model was fitted to the measurements indicating no increase in non-radiative recombination centers. Instead the longer
carrier lifetimes could be well explained with a decrease in carrier density due to an additional current spreading. These
results were confirmed by changes in the sub-threshold wavelength shift before and after aging.
Laser projection arising as a new application in the consumer market has been the driving force for OSRAM Opto
Semiconductors to develop a frequency doubled semiconductor laser and the production technology necessary to make
the complexity of an advanced laser system affordable. Optically pumped frequency doubled semiconductor lasers
provide an ideal platform to serve the laser projection application. Based on this scalable technology, we developed a 50
mW green laser comprising all the properties that can be expected from a high performance laser: Excellent beam quality
and low noise, high speed modulation, good efficiency and long life time. More than that, the package is very compact
(<0.4 cm3) and may be operated passively cooled at up to 60°C. Managing lasing wavelength and controlling phase
matching conditions have been major design considerations. We will describe the key characteristics of the green laser,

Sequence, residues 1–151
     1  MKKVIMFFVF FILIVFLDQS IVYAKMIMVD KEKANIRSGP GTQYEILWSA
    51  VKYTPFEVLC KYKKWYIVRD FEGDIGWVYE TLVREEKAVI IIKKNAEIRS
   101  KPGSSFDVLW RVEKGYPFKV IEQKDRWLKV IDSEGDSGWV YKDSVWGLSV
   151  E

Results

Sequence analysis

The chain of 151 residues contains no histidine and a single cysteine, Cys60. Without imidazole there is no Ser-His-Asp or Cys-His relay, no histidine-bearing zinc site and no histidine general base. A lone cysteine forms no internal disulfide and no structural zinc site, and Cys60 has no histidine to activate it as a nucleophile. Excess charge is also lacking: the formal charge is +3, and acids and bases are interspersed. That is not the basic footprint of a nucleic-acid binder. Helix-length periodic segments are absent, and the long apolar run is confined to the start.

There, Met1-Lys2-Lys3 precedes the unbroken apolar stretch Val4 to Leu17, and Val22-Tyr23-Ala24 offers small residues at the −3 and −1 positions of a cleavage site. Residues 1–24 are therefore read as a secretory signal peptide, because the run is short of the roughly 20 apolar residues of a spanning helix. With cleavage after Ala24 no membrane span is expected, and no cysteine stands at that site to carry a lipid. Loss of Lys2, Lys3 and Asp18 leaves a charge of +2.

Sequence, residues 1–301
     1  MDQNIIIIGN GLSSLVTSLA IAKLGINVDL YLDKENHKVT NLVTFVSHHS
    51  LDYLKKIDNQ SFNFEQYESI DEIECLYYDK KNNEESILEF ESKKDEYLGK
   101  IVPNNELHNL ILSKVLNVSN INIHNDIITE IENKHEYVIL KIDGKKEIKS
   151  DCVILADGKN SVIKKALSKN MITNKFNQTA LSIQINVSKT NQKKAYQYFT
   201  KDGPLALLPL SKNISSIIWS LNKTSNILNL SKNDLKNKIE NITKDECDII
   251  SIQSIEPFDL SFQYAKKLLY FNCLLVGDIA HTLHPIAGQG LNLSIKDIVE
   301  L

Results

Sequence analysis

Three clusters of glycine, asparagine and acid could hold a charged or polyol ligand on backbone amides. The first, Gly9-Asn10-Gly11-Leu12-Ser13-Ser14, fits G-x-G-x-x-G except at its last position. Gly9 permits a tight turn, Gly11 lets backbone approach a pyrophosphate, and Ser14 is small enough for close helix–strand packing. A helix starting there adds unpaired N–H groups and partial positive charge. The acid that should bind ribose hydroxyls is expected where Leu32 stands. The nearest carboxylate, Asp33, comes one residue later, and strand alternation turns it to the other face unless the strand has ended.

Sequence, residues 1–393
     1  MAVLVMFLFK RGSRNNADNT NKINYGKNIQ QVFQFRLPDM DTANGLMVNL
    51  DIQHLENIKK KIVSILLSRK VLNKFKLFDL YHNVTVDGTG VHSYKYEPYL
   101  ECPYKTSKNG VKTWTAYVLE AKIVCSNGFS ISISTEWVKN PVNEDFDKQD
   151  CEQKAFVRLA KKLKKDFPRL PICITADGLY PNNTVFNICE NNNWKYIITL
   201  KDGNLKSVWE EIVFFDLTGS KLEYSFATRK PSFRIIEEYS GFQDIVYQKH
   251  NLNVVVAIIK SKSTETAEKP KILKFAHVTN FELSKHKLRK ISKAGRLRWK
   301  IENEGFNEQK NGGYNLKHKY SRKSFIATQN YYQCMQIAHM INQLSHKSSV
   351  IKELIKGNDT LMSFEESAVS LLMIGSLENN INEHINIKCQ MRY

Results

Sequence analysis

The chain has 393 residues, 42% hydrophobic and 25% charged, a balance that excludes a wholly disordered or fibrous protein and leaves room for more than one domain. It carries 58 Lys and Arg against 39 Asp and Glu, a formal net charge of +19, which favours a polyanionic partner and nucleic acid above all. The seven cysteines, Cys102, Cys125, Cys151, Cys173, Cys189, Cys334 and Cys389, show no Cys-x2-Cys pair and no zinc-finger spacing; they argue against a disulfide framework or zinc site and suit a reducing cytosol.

and will also present results from reliability testing and production monitoring.
Mobile laser projection is of great commercial interest. Today, a key parameter in embedded mobile applications is the
optical output power and wall plug efficiency. We report improvements of the performance of true blue single mode
InGaN laser at 450nm with output power of more than 200mW in cw operation for temperatures between 20°C and
60°C. We succeeded in temperature independent high wall plug efficiency of 15-18% for stable output power levels
from 100 to 200mW with estimated life times >4000h in cw operation. Furthermore, we present pioneering studies on
long green InGaN laser diodes. The technological challenge is to achieve InGaN-quantum wells with sufficiently high
material quality for lasing. We investigate the density of non radiative defects by electro-optical measurements confirming
that low defect densities are essential for stimulated emission. Laser operation at 516nm with more than 50mW output
power in cw operation is demonstrated in combination with a high wall plug efficiency of 2.7%.
True blue lasers with wavelengths of ~450 nm are of great interest for full color laser projection. These kind of
applications usually require high output power and, in particular, an excellent wall plug efficiency within a wide
temperature range. In this paper we therefore present experimental and theoretical investigations of the temperature
behavior of 60mW InGaN lasers in a range of -10 °C to 100 °C.
The laser parameters threshold current density, slope efficiency and operating voltage describe the wall plug efficiency
of the device. The slope efficiency does not show any significant temperature dependence which is due to an almost